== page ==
The Nuffield Theatreon
23rd to 27th June 1981
Edward Franklin Albee, born on March 12, 1928, in Washington, was adopted as an infant by Mr. and Mrs. Reed A. Albee of the Keith-Albee theatre chain. He attended Trinity College in Hartford but left after a year and a half to work intermittently at such odd jobs as writing for a radio station and working as a counterman in a luncheonette. In 1952 he travelled to Florence where he wrote a novel that has never been published. Returning to New York in 1955, he worked as a Western Union messenger until 1958, when he quit his job to write The Zoo Story, a one-act play.
Unable to interest Broadway in this two-character study, Albee sent the manuscript to a friend in Florence, David Diamond, who in turn forwarded it to Mrs. Stefani Hunzinger, the head of the drama department of a German publisher. Finally, in 1959, The Zoo Story, coupled with Samuel Beckett's Krapp’s Last Tape, was presented at Berlin's Schiller Theater Werkstatt. Early in 1960 the two plays had their New York premiere Off Broadway. His next play, the Death of Bessie Smith, was first presented in Berlin in 1960 and appeared Off Broadway with The American Dream in 1961.
In October 1962, Albee made a successful Broadway debut with his first three-act play, Who’s Afraid of Virginia Woolf? This vitriolic study of a decaying marriage established him as an important American playwright and won him an Antoinette Perry Award, the New York Drama Critics Circle award, and the Outer Circle Award. His later plays include The Ballad of the Sad Cafe (1963) and Malcolm (wr. 1965), both adaptations of novels; Tiny Alice (1964); A Delicate Balance (1966), for which he won the Pulitzer Prize; and All Over (1971), a play about death.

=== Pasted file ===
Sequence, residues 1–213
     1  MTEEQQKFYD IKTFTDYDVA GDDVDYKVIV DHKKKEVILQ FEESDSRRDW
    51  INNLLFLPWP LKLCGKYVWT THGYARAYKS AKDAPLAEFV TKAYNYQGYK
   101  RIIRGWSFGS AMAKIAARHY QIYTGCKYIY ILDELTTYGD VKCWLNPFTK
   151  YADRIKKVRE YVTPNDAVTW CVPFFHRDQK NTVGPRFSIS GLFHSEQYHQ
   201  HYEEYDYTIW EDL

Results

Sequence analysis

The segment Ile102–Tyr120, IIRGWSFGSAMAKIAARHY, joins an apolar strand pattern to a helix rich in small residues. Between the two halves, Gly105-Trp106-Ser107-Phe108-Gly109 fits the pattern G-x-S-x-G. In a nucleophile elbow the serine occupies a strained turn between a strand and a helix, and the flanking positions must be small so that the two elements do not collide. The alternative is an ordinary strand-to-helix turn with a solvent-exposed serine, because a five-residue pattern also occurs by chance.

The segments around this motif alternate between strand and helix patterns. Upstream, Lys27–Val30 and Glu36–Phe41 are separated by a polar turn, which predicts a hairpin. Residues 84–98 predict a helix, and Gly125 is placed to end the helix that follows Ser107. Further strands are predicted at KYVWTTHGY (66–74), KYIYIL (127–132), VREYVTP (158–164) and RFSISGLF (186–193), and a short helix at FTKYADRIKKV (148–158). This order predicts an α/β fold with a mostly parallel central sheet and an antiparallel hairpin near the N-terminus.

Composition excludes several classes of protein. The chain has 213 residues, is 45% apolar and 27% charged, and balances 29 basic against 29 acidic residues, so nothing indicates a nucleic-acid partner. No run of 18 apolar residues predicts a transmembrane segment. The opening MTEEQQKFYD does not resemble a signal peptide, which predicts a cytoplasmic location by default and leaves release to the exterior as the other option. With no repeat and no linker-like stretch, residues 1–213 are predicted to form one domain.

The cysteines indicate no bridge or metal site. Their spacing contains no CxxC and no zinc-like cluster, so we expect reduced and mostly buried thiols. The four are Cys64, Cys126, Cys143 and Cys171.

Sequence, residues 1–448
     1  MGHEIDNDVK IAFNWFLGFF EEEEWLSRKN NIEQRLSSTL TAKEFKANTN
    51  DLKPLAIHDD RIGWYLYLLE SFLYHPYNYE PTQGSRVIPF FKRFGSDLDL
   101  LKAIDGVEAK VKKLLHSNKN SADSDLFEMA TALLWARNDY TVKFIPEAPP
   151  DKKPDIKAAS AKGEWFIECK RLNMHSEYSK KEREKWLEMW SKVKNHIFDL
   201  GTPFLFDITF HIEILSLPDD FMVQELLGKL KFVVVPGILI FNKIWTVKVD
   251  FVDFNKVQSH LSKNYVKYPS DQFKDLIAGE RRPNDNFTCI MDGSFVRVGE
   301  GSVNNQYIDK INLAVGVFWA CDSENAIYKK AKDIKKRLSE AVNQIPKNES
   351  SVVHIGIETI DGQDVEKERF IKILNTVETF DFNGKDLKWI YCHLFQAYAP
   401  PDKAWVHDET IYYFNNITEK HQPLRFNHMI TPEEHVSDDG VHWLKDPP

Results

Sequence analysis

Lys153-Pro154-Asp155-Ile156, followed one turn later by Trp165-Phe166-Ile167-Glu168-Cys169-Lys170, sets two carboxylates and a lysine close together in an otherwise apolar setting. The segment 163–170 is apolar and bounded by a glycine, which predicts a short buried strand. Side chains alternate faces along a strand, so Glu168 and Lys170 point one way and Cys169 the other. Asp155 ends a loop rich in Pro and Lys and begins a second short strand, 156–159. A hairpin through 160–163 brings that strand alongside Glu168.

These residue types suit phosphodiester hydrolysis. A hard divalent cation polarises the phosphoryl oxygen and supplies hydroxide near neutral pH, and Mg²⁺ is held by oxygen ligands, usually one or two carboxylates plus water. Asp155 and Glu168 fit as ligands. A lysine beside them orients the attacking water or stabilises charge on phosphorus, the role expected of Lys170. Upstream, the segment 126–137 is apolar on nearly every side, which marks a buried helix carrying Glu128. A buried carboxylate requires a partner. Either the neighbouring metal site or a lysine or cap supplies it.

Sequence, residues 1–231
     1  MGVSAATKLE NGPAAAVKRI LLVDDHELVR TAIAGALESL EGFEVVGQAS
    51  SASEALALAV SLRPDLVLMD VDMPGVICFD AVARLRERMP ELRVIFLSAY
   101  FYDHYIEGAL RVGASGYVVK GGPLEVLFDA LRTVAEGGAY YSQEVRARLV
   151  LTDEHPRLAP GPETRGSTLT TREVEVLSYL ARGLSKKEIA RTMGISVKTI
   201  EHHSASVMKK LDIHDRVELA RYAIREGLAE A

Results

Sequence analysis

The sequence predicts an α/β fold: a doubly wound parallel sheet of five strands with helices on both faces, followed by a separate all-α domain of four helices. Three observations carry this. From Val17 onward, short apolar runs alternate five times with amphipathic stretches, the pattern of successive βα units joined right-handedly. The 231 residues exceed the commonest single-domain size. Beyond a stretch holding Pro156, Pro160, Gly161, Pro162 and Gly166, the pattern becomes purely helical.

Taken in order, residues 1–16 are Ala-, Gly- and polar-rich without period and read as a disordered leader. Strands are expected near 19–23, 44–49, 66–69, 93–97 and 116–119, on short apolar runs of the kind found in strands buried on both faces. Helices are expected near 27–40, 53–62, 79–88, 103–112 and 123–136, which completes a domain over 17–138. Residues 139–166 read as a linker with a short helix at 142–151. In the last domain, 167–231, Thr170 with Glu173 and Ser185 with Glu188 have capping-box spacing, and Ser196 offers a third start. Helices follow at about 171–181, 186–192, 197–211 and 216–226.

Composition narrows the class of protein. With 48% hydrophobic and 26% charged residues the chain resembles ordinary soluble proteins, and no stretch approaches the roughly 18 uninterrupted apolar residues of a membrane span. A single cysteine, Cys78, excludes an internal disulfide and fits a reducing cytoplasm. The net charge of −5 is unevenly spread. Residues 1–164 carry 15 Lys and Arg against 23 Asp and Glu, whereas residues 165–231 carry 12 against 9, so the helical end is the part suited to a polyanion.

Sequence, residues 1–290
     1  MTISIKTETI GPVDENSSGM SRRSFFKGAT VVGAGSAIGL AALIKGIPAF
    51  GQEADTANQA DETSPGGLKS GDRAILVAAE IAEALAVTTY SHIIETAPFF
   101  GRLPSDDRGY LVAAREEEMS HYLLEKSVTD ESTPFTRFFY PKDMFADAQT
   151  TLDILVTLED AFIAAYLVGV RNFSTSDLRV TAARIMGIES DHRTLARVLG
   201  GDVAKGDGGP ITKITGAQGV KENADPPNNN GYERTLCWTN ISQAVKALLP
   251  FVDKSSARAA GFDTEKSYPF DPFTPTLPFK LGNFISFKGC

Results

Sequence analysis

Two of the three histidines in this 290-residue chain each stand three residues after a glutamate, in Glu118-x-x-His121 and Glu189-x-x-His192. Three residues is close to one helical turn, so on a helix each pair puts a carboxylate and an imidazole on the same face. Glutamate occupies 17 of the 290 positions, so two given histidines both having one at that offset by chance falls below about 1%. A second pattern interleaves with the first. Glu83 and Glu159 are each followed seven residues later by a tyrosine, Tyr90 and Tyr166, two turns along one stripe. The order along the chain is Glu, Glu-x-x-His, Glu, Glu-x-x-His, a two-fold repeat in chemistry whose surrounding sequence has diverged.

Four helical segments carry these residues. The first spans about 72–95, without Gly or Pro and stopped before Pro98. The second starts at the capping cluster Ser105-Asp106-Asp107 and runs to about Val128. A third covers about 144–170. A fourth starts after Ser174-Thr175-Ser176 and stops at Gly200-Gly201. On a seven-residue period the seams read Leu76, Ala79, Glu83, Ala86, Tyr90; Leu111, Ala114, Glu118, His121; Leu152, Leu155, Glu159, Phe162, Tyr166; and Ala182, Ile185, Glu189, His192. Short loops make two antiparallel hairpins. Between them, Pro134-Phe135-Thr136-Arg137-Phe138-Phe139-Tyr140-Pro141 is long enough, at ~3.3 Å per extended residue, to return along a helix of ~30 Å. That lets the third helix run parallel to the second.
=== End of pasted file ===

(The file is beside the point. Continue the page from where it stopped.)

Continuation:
|The Cast (in order of appearance)|
|Place||The living room of a house off the cloisters of a small New England College.|
The Play is in two acts:-
|ACT 1||Fun and Games|
|ACT 2||The Exorcism|
There will be a fading of the lights during Act II to mark the passing of one hour.
|For the Maskers:|
|Stage Manager||Mike Johnson|
|Stage Assistants||Chris Ford, Chris Medak, William Aslett|
|Lighting||Clive Weeks, Steve Hopley|
|Sound||Pete King, Judith Battersea|
|Properties||Sue Parkes, Sheila Clark, Prop Workshops Ltd|
|Business Management||Graham Buchanan, Brian Stansbridge|
The maskers would like to express their thanks to Mr. S. Rixon for assistance with this production